Apr 29, 2022 - News

Reality check: Colorado's new preschool program faces obstacles

Illustration of a pattern for backpacks.
Illustration: Allie Carl/Axios

Colorado leaders are celebrating a new law signed this week to create "free, universal preschool," saying it will provide quality learning opportunities and help to get parents back to work.

Reality check: That's a long shot, at best.

What to know: Four other states with government-funded preschool programs — including someones operating for decades — never reached universal enrollment, fell short of meeting quality benchmarks and struggled to find qualified teachers.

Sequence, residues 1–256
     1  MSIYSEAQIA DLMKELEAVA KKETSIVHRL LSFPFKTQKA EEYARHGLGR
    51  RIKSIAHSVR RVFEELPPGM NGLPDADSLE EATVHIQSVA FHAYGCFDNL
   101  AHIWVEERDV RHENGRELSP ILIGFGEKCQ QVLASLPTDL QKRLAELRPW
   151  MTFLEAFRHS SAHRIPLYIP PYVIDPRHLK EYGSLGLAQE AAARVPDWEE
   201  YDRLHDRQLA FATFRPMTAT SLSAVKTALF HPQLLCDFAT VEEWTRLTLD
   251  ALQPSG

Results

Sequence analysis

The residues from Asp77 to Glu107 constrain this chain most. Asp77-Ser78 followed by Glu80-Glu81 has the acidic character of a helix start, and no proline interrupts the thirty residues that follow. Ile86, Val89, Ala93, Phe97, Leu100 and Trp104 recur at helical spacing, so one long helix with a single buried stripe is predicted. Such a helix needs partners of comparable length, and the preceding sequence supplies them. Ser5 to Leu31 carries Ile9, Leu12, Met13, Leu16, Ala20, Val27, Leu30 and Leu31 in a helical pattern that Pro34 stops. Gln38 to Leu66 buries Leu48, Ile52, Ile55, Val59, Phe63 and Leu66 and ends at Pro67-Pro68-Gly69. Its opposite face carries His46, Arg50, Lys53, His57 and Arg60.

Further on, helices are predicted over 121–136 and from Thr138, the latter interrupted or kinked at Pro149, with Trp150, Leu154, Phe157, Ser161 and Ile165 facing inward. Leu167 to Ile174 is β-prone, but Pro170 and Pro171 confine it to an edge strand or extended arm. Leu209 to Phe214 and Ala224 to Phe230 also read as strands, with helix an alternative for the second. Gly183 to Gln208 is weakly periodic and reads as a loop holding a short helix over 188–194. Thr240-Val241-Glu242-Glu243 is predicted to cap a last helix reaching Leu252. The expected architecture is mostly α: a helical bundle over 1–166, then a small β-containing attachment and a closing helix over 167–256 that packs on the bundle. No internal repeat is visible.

Why it matters: The findings — from our education reporting partners at Chalkbeat — outline important caveats in the election-year claims from Democratic lawmakers and education leaders behind the new system launching in 2023.

Details: The most significant limitation is Colorado's plan to offer just 10 hours of schooling a week — or two hours a day — because such part-day programs don't work for many families.

  • "The half-day format is a nightmare for at least a third of all the parents we surveyed," said Beth Graue, director of the Center for Research on Early Childhood Education at the University of Wisconsin Madison.
  • In Wisconsin, which started its program four decades ago with 10 to 12 hours a week, 70% of 4- year-olds attend and the state met just three of 10 national quality benchmarks.

Go deeper with our partners at Chalkbeat

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